So, this past Sunday I was the on-call chaplain at the hospital. The Sunday on-call, in addition to typical chaplain duties, also leads two chapel services. So, naturally, I had to prepare a sermon. I more or less follow the Revised Common Lectionary; but, I am a Baptist after all, so I reserve the right to reject the establishment whenever I feel like it. So, I tweaked some parts of the reading and decided to do my sermon on Job 2. The Power of Presence. Good title, right? It was too bad there were no bulletins or anything, so nobody in the congregation saw the title unless they looked at where it was scrawled across the top of my notes. But, it didn’t really matter, because I never got to preach. I was halfway through the Psalm reading when my phone starts going off in my pocket. I was really hoping it was just one of my friends asking why I wasn’t at church. No such luck. I was needed in ICU to work a case that wound up lasting well into the afternoon. So, my sermon never saw the light of day, although, it really could be said that I practiced what I never got to preach. All the same, since I really kinda liked the message that I almost delivered, I thought I’d share a brief version of it here. Still a bit of a lengthy read, but stay with me. So, on to Job…
In the beginning of the Book of Job, we see a man who’s got it all. One of the greatest people of the East, apparently. Then, suddenly, he lost it all. He lost all of his animals, and may I just say that the guys that stole those camels deserve some credit because stealing 3,000 camels (Job 1:3) is no small feat. But, as if that wasn’t bad enough, Job also loses all his children at once when a house collapses on them. Then, he himself is struck with a skin ailment which covers him in sores all over his body. So, to say the least, Job was having a pretty rough stretch there.
Now, at this point, Job’s wife speaks up and asks him “Do you still hold fast your integrity? Curse God and die.” (Job 2:9, ESV). Job then responds with the well-known retort of, “well, if you take the good from God, you might as well take the bad.” Often, this is seen as an example of how we should handle hardship. Job’s wife provides the all-too-rash response of just wanting to give up, and is often seen as an envoy of Satan, trying to weaken Job’s resolve. Meanwhile, her husband provides her with the voice of reason. However, when I look at this exchange, I just see two different people who process grief in two different ways. Yes, Job is the main character in this narrative, but that doesn’t mean that his wife isn’t experiencing the pain of loss. She has also just lost her children, her “sons and daughters, [her] womb’s birth pangs and labors” (Job 2:9b, Septuagint, alt English translation can be found here). Now she’s seeing her husband experiencing so much pain from this skin ailment. Her reaction could simply be one of exasperation: “We have endured so much pain, how can you possibly bear to go on?” She is not trying to undermine Job’s righteousness; she merely wants to see an end to the suffering of her family.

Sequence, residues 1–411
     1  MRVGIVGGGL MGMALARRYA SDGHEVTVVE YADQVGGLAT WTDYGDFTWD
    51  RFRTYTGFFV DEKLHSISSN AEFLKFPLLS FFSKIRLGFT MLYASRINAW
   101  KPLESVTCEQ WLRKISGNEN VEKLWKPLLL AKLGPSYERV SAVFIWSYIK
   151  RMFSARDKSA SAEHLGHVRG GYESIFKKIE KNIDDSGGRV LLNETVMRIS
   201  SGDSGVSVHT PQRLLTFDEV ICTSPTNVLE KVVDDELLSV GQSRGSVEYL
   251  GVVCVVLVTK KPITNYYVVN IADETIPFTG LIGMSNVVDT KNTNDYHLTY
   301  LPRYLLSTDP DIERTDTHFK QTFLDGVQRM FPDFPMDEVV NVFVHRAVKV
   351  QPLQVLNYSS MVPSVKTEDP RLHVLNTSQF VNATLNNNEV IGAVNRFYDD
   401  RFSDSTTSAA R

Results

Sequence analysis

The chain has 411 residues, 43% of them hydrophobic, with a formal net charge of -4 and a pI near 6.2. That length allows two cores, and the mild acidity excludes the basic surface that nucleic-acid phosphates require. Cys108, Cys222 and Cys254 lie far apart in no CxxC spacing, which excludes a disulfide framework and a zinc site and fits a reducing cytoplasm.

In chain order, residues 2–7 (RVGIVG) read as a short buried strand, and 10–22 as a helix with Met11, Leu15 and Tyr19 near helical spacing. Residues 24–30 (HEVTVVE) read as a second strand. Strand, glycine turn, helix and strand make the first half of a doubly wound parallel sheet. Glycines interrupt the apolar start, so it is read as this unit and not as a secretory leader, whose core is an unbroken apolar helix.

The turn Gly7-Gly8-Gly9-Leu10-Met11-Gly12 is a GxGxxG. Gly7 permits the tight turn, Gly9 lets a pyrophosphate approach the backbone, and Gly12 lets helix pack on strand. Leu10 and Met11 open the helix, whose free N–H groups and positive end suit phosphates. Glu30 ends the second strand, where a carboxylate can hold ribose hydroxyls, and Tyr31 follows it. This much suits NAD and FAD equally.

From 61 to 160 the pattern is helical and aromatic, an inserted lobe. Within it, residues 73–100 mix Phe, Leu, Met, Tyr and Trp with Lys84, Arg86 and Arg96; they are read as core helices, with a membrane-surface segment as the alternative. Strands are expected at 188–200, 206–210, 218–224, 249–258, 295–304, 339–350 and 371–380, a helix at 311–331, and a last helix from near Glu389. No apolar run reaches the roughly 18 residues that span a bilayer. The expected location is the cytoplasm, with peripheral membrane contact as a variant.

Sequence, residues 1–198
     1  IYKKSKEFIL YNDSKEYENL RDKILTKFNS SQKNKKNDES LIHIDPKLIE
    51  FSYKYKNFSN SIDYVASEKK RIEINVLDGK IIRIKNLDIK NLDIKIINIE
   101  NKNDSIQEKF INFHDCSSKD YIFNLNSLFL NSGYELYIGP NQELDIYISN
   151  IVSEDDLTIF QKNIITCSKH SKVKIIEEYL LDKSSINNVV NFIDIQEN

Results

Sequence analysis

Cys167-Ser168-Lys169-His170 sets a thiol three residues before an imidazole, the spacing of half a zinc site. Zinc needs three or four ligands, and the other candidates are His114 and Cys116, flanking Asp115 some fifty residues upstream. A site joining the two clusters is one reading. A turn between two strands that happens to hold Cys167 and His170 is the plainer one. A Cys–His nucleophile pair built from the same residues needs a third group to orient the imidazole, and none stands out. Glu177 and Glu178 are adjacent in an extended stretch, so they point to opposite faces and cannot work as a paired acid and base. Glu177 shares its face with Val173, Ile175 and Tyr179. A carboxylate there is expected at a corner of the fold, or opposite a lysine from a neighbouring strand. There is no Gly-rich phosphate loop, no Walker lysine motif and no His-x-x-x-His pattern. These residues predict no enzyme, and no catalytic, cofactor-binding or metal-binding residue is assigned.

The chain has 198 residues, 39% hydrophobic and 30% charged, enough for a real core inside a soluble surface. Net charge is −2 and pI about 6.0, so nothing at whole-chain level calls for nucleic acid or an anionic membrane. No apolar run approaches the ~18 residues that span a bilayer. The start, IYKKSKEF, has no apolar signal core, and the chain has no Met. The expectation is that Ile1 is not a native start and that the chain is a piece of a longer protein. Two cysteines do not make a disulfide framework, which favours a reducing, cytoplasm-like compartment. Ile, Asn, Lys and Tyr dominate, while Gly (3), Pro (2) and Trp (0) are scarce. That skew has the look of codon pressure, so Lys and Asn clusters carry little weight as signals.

At this point in chapter 2, we hear of Job’s friends coming to visit him. They came to show him sympathy and comfort. When they saw Job in the state that he was in, they began to weep. Then, they “sat with him on the ground seven days and seven nights, and no one spoke a word to him, for they saw that his suffering was very great.” (Job 2:13) They travel all this way to show their friend sympathy, and then just sit with him without saying a word. This seems a little strange on the surface. This also brings me to my main point. We often assume that, when we are visiting someone who is suffering, they want us to say some magic word that will make it all better. We fear silence. In actuality, we need to embrace these silences.
What, then, do we do? How do we provide comfort to those whose suffering is greater than we can understand?
Just being there. Your presence alone will speak volumes more than your words ever could. When you’re suffering is so great, sometimes nothing could be more comforting than just to know that you are not alone and that you are loved.
So, next time you see one of your friends having a rough day and you’re at a loss for words of comfort, don’t worry about it. Just put a hand on his shoulder, let him know he’s not alone in the world. As my dad has told me before, “We can handle just about anything; just so long as we know we don’t have to do it alone.”